When we talk often the problems that can feel paralysing don't seem too bad and you start to see the wood for the trees.
The strongest person is the one who admits to themselves or others that they are feeling weak.
29th Jul 2019
There are no links to click on with the DD email.
The only links to click on are where we have had to update clients email addresses (as under MTD they do now get a useful email confirming that the DD will be claimed) and it is the email update which does then send a message to them which they need to click on to confirm that the address is correct.
It does not affect the DD though.
I can say this with relative confidence as we as a practice went on board one quarter early and our DD went out fine.
12th Jun 2019
Let's be honest, in this day and age if you were designing a system from scratch then you would be inputting information once to the "powers that be" when a company is formed and from then on only reporting changes as they arose. Those changes would be reported via a one stop shop and then fed into the different bodies automatically.
If they can move towards that then, in fairness, it will make our lives easier for once.
In regard to reporting anomalies well, from my perspective, that's not anything new as I consider that our duty under AML already? If I knew a director's details were not right there is no way I'm going to present a false confirmation statement to a client for approval for submission or agree to incorporate a company without seeing ID documents.
As for registered office permissions then, fair enough, as in theory we could then rescind that easily in the future if a client went on the missing list leaving us hosting the company address.
What makes me laugh at the sheer incompetence of Government though is that in a world of GDPR and AML that it is only now that someone has woken up to the fact that they are publishing people's signatures for the world to see. But it's one rule for us..........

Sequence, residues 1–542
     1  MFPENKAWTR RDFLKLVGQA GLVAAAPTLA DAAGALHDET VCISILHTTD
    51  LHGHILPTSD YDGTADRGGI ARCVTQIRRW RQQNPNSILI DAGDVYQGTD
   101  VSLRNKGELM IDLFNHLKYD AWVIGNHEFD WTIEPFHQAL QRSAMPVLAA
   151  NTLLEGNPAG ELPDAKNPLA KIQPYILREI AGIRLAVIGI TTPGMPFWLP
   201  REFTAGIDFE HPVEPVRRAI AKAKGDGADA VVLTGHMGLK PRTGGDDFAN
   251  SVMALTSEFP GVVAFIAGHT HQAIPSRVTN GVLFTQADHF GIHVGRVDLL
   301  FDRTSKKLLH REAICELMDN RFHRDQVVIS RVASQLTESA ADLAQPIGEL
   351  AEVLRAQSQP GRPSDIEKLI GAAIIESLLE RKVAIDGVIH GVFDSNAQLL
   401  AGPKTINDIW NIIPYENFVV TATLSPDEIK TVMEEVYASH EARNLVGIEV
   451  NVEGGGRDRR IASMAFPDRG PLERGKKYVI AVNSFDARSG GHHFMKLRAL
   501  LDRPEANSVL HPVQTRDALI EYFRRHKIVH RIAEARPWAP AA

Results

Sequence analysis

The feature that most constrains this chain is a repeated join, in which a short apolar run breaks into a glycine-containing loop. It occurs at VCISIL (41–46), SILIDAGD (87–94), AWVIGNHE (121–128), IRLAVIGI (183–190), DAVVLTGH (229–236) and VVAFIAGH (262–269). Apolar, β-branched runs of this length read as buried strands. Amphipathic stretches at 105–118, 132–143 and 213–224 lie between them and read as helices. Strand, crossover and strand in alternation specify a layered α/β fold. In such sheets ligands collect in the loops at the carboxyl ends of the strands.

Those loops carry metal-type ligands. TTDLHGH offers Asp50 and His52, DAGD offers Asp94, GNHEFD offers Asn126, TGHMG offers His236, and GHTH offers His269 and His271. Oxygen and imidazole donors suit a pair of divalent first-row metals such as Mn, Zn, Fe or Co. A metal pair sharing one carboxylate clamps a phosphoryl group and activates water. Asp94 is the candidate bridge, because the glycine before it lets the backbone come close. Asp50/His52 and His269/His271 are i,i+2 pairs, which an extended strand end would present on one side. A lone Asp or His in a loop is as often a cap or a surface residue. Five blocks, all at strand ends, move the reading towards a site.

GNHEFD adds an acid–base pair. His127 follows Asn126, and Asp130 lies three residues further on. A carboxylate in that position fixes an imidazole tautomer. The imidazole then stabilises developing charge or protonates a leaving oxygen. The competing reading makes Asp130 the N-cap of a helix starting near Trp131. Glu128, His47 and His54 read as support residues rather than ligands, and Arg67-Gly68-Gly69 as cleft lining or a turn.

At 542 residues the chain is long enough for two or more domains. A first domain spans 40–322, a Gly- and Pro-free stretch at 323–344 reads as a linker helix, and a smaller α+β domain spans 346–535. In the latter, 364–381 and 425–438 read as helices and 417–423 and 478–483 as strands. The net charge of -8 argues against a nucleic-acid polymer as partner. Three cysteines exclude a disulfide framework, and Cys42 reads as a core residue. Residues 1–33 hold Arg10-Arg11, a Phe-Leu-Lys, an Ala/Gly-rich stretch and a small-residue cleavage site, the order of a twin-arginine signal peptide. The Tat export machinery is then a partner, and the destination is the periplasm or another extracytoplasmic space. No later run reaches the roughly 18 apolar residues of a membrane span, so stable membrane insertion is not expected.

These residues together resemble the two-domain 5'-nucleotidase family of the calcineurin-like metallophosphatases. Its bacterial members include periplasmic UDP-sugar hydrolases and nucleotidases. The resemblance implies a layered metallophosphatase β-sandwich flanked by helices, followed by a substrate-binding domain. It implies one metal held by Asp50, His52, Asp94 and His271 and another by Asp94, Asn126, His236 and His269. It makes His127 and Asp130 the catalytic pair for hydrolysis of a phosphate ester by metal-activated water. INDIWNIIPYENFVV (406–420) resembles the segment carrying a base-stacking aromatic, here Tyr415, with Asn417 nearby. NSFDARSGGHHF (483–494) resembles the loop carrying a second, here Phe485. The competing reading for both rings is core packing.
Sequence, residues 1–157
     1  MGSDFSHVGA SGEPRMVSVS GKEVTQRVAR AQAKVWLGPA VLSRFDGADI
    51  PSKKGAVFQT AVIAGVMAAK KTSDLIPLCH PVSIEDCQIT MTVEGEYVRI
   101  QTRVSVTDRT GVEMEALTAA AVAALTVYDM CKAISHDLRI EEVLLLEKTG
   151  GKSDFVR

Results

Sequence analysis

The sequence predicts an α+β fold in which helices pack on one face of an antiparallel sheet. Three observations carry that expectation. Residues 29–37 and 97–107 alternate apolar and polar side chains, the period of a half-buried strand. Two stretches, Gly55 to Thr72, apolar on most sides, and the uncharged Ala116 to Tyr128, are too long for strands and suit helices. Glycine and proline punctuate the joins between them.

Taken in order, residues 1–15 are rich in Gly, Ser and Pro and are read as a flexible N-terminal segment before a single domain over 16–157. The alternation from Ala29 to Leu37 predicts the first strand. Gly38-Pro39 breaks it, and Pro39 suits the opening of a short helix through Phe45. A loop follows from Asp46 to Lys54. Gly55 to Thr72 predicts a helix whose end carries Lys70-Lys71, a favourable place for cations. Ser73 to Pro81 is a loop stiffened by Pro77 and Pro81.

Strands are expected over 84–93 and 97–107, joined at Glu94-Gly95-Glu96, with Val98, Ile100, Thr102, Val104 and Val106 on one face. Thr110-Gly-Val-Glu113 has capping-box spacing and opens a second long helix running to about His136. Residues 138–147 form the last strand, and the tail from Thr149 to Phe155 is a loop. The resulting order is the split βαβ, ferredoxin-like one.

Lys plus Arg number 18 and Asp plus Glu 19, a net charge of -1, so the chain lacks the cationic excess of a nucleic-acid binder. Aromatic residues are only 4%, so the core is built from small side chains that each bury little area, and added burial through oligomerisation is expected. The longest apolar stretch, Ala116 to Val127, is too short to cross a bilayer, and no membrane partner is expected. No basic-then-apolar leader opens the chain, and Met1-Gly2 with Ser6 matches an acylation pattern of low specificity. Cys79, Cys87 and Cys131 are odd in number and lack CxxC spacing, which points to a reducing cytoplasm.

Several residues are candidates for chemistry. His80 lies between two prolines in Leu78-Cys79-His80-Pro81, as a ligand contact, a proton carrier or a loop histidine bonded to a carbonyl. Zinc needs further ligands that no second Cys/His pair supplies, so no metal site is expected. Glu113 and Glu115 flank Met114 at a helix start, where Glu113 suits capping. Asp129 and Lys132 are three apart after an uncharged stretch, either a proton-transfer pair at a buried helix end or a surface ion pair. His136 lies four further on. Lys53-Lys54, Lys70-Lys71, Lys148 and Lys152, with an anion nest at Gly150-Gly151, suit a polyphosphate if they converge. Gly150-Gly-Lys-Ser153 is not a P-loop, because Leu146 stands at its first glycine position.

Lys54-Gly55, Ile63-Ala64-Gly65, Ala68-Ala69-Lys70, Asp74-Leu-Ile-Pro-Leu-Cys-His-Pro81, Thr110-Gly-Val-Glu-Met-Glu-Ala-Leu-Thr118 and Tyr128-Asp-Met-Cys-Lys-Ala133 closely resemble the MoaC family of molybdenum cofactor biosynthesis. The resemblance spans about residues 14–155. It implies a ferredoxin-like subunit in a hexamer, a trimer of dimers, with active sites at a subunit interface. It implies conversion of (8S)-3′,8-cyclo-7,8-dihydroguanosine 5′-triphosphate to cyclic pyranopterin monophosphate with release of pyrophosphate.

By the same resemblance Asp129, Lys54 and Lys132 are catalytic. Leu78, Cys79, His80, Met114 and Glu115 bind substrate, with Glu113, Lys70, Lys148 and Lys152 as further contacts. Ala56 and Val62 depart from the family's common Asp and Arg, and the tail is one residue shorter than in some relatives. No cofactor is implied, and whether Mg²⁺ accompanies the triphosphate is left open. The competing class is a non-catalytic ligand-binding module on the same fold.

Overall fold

31st May 2019
As a practice our preferred model is to tell clients from the start that they are not accountants and that if they want to try but then fail they will have to pay for us to fix it. I compare it to being given a pile of bricks, sand etc building a wall myself and getting the builder to "finish it"....... they soon understand the potential time issues.
The challenge with MTD is getting the clients who did their VAT returns on the back of an envelope with poor record keeping standards that they have to change.
My view is simple, if the client is capable then we get them onboard with cloud software doing what they can do well (from 10% - 100%), if that just means entering the sales invoices and matching it to payments received then so be it. Then let us review/finalise each quarter. Most of our clients accept they are not accountants and let us take over the majority of tasks.
Our jobs are hard enough - the idea of having to deal with bodged up software records 24-7 from clients is not on my list of MTD benefits.
Actual MTD benefits are to keep our clients up to date with better and improved accounting info and actually exercising our skill sets.
HMRC's MTD benefits will be to rake in the profits from those not understanding what they are doing and making an absolute **** ** of it.